I had the pleasure to work on a Money Makeover for the Kansas City Star recently. Here’s the article that appeared in the KC Star this morning…

Money Makeover: Couple frets over saving at the same time for their retirement, kids’ college expenses

by Gene Meyer
The Kansas City Star

Steven and Angie Cortez look into the future and see a financial dilemma they want to resolve now.

The couple, who both are educators and not yet 40, theoretically will be eligible to retire when Steven turns 53 and achieves the combination of age and years in service to qualify for Kansas Public Employees Retirement System teachers’ benefits.

That doesn’t seem realistic, the Olathe residents say, because their children, twins Kennedy and Carson, who turn 6 Monday, will still be in college when the milestone arrives.

They don’t mind postponing retirement for a few years. But they are concerned about how best to prepare now to hit two humungous savings targets — college and retirement — so potentially close together.

“We’ve been told that we should max out our Roth IRA savings before we contribute anything to college funds, but I’m not sure that’s the best way to go,” Steven Cortez said.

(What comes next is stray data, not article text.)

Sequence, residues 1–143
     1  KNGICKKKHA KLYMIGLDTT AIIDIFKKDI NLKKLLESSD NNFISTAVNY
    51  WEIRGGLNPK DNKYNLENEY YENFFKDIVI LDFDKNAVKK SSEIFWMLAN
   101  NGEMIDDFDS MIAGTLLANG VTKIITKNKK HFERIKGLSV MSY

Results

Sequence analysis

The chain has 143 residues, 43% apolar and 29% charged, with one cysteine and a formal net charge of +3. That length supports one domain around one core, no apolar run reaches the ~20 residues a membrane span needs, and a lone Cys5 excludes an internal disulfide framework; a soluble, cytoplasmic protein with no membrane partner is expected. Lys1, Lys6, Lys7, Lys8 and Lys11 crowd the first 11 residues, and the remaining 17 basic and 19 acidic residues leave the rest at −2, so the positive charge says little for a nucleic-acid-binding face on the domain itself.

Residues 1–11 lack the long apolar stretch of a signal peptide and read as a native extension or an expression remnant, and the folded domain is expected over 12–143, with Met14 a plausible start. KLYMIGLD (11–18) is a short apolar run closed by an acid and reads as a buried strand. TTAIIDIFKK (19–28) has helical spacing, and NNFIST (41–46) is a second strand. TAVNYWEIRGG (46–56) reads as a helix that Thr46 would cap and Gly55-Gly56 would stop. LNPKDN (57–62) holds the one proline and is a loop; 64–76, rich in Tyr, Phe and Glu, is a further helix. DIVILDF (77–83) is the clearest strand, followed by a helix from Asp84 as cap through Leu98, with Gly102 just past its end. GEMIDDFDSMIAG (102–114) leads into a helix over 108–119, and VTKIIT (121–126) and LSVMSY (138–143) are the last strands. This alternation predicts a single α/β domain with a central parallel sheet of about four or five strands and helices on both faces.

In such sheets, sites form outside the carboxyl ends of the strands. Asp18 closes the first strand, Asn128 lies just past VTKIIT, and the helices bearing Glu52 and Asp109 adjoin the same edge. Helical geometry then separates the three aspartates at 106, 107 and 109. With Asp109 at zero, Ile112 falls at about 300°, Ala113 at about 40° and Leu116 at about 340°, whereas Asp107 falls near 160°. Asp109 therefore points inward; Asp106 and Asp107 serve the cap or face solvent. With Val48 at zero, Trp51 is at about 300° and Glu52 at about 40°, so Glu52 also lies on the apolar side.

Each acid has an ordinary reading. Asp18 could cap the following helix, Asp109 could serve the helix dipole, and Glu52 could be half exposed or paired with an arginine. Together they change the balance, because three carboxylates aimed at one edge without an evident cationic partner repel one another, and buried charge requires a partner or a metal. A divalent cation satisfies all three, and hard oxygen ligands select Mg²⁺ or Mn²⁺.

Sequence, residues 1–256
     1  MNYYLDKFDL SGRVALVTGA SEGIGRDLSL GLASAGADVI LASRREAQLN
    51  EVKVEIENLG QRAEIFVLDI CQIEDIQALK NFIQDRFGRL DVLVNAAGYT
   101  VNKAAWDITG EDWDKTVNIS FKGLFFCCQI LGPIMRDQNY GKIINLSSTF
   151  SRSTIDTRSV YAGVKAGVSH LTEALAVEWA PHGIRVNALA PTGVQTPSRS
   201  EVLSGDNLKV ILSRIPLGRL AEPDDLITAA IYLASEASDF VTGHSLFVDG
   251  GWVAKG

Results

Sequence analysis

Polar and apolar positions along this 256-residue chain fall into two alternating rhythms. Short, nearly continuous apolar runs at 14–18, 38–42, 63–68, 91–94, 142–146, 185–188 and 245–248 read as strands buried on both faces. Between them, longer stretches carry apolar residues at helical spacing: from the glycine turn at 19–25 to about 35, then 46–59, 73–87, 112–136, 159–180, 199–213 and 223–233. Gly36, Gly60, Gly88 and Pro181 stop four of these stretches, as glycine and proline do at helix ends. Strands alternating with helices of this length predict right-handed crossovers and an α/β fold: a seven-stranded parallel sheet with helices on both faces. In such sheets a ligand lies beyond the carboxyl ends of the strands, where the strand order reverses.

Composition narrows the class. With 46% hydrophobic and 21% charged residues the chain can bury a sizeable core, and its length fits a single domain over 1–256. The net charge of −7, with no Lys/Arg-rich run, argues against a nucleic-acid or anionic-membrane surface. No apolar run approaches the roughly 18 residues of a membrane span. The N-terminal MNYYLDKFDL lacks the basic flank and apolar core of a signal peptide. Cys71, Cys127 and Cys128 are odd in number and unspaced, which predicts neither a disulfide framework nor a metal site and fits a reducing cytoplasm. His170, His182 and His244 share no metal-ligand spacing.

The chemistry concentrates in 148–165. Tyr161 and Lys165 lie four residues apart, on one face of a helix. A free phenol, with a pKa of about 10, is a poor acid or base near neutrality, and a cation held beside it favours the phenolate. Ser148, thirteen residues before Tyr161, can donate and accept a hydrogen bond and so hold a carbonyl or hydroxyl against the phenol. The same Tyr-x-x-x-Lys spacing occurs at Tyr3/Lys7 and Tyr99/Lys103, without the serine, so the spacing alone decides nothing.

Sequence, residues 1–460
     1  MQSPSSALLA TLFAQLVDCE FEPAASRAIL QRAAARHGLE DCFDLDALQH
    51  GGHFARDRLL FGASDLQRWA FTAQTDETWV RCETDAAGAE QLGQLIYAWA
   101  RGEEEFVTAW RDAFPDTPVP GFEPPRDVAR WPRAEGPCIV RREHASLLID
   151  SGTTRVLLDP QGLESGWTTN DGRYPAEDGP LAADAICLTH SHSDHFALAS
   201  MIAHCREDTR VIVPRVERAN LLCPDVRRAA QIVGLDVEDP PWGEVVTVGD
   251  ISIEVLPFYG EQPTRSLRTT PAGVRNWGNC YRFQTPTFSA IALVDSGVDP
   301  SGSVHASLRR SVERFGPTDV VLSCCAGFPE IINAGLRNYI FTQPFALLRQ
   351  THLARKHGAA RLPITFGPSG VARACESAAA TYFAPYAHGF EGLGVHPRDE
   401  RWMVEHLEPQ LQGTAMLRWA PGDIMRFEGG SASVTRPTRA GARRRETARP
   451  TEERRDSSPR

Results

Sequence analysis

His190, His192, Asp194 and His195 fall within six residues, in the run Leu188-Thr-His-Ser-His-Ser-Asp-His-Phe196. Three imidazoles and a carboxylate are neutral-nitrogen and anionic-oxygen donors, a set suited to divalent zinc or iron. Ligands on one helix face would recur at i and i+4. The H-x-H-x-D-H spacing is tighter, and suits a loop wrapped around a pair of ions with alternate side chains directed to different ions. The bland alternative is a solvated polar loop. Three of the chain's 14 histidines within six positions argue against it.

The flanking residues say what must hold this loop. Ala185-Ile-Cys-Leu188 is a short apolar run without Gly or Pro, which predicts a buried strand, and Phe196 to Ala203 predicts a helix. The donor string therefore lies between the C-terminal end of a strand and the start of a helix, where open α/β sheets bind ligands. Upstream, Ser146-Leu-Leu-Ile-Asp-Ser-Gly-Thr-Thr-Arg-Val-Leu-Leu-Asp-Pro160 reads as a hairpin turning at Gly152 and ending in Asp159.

Neither target is an easy one.

Some rough, back-of-the-envelope calculations based on College Board projections show that the $50,000 it costs to send a student to a public college for four years now may more than double by the time Kennedy and Carson are freshmen. For a private school, the already higher costs will almost double too.

But a financial planner who analyzed the Cortezes’ situation more thoroughly calculates Steven and Angie also need to accumulate $1.97 million in the next two decades to supplement his KPERS and their other projected retirement benefits so he can retire at 60 and live as comfortably as they do now.

“Retirement savings should be your higher priority,” said Kristine McKinley, the certified financial planner from Lee’s Summit who examined the Cortez’s circumstances.

Saving for retirement often is more urgent than saving for college, McKinley said. First, as is the case with the Cortezes, retirement requires more money than college. Second, families have resources such as loans, grants or scholarships to turn to if savings come up short. Retirees have far fewer alternate choices.

But there’s good news too, McKinley told the couple.

Saving more aggressively and more efficiently now for retirement should also provide a potential cushion to help with the college funding if that’s needed.

The keys are Roth IRAs that the Cortezes opened to provide tax-free income when they retire. In a jam, Roth savers also can withdraw money they’ve contributed — but not the investment profits earned — before retirement without incurring penalties, she said. Pulling money out also will trim the account’s potential growth, however, so it shouldn’t be done lightly.

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